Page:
Monday, 13 February 2017

Refugee/asylum seeker update

I am often asked about progress in Edinburgh of the programme to receive asylum seekers and refugees, particularly in relation to the Syrian war.  In fact there are several programmes.  The first is the Syrian Resettlement programme which I will give up to date details of in this post.  Then there is the programme for Unaccompanied Asylum Seeking Children which arose out of the circumstances of the Calais refugee camp. Then there are other proposals/programmes in relation to Refugees/Asylum Seekers and I will deal with these last two in future posts.

Syrian Resettlement Programme
  1. Scotland has resettled more than 1,300 Syrian refugees since November 2015.  This represents over a quarter of the 4,400 refugees settled in the UK under the Syrian Resettlement Programme (SRP) so far.
  2. The SRP was set up in September 2015 to resettle 20,000 Syrian refugees over the life of this Parliament.  It is a partnership between the Home Office, the UNHCR and local authorities and is focused on refugee camps in countries around Syria (not refugees in Syria or in Europe).  The UNCR identifies refugees potentially eligible for resettlement and the Home Office makes the final decision regarding identities and numbers.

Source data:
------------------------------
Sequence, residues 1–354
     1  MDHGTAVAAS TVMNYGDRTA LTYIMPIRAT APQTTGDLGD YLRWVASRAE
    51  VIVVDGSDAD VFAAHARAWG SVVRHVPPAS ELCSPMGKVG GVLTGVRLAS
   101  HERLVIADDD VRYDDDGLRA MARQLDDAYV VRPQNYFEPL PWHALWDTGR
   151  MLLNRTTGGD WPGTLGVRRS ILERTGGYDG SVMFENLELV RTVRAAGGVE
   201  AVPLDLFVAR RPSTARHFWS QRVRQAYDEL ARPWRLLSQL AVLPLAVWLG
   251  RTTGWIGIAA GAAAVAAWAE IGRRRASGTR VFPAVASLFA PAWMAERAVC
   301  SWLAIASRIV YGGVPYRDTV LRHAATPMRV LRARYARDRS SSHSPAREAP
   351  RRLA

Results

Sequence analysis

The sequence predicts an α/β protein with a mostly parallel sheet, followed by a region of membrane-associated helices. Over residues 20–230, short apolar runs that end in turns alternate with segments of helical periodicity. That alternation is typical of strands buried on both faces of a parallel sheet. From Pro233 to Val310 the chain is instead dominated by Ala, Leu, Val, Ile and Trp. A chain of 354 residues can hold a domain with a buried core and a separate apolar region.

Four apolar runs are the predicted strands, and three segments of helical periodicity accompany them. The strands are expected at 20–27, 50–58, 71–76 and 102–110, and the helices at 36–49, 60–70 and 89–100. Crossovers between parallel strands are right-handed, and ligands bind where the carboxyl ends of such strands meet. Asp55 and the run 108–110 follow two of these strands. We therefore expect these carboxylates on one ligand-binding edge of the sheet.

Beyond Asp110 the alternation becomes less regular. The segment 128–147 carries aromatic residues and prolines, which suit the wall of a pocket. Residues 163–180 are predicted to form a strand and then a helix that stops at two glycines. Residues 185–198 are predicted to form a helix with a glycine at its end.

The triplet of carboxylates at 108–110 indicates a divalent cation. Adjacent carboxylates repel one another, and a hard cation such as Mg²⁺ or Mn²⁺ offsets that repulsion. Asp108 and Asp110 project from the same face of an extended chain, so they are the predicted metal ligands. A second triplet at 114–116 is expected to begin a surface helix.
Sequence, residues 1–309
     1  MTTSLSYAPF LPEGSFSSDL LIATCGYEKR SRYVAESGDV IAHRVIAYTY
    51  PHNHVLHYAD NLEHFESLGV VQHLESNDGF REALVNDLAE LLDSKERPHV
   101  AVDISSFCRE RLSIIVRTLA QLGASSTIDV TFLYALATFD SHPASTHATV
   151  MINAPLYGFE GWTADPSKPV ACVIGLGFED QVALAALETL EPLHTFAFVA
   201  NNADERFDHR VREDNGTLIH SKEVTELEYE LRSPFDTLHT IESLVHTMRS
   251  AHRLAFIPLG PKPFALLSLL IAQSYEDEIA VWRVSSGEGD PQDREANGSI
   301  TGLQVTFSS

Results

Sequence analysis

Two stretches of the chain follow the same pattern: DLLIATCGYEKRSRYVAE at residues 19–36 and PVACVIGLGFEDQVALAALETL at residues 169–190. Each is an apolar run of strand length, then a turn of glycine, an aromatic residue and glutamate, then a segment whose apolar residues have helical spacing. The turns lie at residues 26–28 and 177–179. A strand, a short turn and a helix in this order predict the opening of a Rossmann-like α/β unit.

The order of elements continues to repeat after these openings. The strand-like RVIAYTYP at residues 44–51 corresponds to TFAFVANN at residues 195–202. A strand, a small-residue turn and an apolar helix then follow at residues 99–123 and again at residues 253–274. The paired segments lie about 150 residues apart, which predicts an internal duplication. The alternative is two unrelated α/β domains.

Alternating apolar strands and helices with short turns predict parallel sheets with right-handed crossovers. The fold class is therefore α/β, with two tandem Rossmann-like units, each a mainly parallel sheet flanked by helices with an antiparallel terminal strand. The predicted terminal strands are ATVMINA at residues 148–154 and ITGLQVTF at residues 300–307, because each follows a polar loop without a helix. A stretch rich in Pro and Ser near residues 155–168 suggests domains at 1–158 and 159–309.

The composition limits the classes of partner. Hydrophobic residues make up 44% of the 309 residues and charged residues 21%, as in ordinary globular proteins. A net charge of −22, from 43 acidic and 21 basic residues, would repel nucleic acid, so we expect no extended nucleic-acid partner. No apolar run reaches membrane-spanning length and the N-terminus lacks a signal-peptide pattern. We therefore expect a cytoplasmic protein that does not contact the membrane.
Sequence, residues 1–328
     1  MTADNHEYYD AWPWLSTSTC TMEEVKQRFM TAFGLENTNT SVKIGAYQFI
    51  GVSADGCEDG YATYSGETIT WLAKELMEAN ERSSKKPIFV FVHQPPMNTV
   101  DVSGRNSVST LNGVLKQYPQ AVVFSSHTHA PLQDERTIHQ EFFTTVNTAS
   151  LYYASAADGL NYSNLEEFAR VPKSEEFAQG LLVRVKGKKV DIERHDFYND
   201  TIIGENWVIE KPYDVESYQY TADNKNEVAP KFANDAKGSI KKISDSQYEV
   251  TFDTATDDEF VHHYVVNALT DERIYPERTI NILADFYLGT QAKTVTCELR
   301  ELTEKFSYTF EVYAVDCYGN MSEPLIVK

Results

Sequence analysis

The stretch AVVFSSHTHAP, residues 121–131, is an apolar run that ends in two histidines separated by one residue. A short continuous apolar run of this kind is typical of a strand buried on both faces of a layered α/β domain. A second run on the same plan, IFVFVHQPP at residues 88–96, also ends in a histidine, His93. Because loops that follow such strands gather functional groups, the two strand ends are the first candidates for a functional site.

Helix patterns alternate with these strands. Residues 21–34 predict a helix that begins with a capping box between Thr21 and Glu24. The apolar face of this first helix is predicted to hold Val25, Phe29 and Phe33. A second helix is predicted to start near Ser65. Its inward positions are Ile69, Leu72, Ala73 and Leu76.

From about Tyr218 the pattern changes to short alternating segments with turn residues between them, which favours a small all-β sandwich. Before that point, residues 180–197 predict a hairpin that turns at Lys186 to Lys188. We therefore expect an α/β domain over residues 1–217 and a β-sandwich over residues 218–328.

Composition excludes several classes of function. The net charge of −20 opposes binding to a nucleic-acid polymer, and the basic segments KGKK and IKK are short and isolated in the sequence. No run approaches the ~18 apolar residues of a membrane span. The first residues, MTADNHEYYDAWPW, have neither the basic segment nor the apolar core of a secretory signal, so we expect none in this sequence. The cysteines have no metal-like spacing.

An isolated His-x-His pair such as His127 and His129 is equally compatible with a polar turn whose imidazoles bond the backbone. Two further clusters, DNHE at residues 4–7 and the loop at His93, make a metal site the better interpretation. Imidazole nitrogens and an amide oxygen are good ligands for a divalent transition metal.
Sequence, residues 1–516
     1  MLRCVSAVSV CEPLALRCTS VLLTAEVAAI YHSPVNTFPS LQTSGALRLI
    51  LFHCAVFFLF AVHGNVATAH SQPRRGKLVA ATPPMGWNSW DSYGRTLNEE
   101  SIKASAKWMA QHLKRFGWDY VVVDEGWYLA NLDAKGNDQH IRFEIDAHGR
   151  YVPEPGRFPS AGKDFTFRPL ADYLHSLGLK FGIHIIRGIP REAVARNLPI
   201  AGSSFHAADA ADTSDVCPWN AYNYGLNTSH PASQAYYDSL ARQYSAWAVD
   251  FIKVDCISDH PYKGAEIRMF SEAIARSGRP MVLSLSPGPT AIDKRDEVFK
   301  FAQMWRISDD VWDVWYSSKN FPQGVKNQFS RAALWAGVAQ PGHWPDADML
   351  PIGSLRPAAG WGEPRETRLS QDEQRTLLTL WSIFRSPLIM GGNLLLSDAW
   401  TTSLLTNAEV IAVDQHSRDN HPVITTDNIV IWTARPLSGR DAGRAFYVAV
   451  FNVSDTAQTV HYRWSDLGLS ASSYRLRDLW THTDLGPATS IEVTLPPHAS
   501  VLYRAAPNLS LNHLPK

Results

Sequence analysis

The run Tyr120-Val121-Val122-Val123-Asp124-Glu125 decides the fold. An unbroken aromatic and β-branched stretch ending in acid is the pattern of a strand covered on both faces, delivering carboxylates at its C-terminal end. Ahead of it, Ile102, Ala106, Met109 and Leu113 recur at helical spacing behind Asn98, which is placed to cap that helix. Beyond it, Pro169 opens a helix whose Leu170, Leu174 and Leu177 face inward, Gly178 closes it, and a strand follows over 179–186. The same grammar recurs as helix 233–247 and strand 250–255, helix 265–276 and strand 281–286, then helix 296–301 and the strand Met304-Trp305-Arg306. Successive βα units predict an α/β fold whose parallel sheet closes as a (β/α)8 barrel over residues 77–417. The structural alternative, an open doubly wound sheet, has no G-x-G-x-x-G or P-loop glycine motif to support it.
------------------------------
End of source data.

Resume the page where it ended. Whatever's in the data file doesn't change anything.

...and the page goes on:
3. Edinburgh has committed to resettling one hundred refugees for each of the five years of the programme.  To date the Council has resettled one hundred and thirty refugees (twenty-six households) with a further arrival scheduled for early spring.  The city is on track to realise the overall commitment.
  4. Refugees resettled under this scheme arrive with Humanitarian Protection Status conferring on them leave to remain in the UK for five years and the entitlement to work or apply for benefits from the point of arrival.  They also arrive with a package of funding from the UK Government which extends, on a tapering basis over the five year period.
  5. Homes for refugees - who mostly arrive in family groups - have been provided thus far through the Council's Private Sector Leasing Scheme (PSL).  Whilst PSL is technically a temporary housing solution, commitment has been sought from landlords that leases will be given for at least three years. 
  6. English language and cultural integration support is delivered through a partnership of Council and third sector organisations and Edinburgh College facilities.
  7. There is still a need for partnership to welcome refugees in this programme.  Two of the groups providing support are Edinburgh City of Sanctuary and Edinburgh Churches for Sanctuary.
Earlier post from me on this subject can be found here and here.  I see an interesting post here giving another perspective of the overall situation in the light of public discussion in the last week.

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